So, these honorable people will still collect the pay for doing less of what is expected of them because they cannot do more of what is expected of them. Compelling argument.

        1. Such a slowdown would be noticed by budget watchers, and I bet it wouldn’t take too many press reports of drops in arrests suggesting corresponding cuts in budgets for said bean counters to start making the noises appropriate to putting cops back on the beat.

            1. I wouldn’t hold up Baltimore as any kind of example. The city has been fucked on so many levels for decades now.

        2. “Everyone gets judged on the job”

          Not comparable. If I refuse to submit my TPS reports on time and with a cover sheet, I can get fired. If a cop makes one small mistake, he can go to jail.

          1. Kicking a helpless person in the back is a “mistake”?

            Come on.

            1. I can’t count the number of times I’ve been reprimanded by HR for holding up TPS reports to hide my fist.

          2. Well, it sure does help to cut down on the likelihood of going to jail when your work buddies are the ones who decide who gets charged with a crime.

      3. There has to be some middle ground between cops literally doing whatever they want because nobody will hold them accountable, and being so over-scrutinized that they don’t do anything at all.

        1. Fire the really bad cops.

          The basic cop problem is that there are no good cops; only bad cops (who tamper with evidence and frame people, take bribes, commit perjury, etc) and coverup cops who won’t snitch on bad cops but won’t be bad themselves. Coverup cops need to start blowing the whistle, but they won’t do it until bad cops are removed, pronto, and thrown in jail.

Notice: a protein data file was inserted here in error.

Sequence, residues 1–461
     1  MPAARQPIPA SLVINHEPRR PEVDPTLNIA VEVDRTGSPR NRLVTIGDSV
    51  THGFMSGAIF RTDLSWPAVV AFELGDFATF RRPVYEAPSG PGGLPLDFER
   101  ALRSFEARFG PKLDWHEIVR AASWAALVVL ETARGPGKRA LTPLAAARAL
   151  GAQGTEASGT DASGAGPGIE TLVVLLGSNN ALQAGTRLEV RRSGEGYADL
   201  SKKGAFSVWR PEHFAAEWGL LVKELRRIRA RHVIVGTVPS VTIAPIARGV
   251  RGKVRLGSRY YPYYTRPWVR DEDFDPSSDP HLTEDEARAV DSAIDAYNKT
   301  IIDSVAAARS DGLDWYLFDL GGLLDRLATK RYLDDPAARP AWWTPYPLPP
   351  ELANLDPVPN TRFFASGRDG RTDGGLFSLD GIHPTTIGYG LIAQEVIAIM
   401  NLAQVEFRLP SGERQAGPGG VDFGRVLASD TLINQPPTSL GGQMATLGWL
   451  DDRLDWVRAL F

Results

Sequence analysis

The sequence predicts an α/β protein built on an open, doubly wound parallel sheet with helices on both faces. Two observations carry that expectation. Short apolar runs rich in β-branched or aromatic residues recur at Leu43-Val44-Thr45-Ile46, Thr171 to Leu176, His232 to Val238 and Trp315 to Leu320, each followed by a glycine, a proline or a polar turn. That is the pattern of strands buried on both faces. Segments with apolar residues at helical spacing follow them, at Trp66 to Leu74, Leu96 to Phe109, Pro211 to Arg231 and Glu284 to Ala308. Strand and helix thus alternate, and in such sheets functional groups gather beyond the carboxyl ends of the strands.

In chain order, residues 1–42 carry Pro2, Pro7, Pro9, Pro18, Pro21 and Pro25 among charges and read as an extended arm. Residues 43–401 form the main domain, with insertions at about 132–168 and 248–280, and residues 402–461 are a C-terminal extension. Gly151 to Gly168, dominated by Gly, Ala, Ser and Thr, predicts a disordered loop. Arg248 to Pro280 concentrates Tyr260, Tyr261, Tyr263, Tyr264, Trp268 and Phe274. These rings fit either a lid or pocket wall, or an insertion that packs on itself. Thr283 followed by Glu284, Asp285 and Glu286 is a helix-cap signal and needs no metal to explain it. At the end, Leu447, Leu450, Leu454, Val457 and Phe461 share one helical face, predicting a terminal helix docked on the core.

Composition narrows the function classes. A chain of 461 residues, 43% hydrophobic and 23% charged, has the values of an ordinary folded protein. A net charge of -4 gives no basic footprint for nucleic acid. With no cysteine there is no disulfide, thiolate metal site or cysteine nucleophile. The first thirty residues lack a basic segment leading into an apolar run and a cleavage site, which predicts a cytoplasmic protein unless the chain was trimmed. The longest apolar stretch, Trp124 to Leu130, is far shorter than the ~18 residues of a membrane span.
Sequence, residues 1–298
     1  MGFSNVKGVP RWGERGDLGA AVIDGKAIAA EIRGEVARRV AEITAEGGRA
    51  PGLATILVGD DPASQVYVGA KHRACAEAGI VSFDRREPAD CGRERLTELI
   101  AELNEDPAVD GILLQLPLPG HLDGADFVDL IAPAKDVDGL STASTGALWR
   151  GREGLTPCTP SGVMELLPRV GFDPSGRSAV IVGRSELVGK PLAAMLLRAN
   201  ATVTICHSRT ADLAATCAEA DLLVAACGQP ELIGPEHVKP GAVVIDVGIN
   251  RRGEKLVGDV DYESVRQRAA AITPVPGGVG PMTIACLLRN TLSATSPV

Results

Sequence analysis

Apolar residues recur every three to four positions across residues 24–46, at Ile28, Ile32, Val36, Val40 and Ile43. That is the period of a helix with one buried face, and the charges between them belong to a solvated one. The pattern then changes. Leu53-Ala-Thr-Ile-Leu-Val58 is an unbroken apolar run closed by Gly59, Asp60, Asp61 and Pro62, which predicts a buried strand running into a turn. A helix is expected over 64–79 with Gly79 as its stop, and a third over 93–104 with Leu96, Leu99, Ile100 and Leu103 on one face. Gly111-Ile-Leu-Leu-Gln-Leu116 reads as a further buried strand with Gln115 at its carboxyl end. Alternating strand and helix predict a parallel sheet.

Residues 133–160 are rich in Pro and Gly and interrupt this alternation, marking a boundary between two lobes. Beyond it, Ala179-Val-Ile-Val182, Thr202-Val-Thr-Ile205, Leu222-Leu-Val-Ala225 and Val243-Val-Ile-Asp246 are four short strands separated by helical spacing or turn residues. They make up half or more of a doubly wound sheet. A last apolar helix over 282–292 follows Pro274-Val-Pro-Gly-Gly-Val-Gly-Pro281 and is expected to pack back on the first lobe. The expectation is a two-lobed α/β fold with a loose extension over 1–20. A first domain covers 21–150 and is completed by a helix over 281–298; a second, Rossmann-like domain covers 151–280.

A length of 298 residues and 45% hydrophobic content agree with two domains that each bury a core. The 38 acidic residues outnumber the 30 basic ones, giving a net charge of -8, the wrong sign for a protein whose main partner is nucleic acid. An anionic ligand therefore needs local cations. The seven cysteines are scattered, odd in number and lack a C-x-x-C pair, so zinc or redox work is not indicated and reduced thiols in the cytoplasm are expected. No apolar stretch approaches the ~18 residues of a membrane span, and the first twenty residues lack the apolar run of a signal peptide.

1. See Serpico-that shows what happens to good cops.

            1. Exactly. Chiefs don’t want good cops. They want bad cops, but recognize that not all cops have it in them, and will settle for coverup cops.

  2. Clearly the cop was using his mental powers to command the kid to simultaneously put up his hands, get on his knees, and lay flat on the ground. The kid’s failure to obey made the officer fear for his life, and the officer showed great restraint in not using deadly force.

  3. “” He does, however, tout a review team “composed of components outside the department but not outside of departmental control, influence and intimidation.” FTFY chief

  4. Nice to see there is 1 brave person providing some push back against the JB thugs. You know, with all the steroids and adrenaline activated. Wait, does that man must have a death wish. It’s like going into the lion’s den. He must not be a Reason reader. Disappointed it was only 1.

  5. I think at this point we should all be happy a family sitting down to dinner wasn’t gunned down by an officer walking into the wrong house because the 9 year old daughter didn’t immediately drop the butter knife on command.

  6. A little kick in the ass never hurt anybody.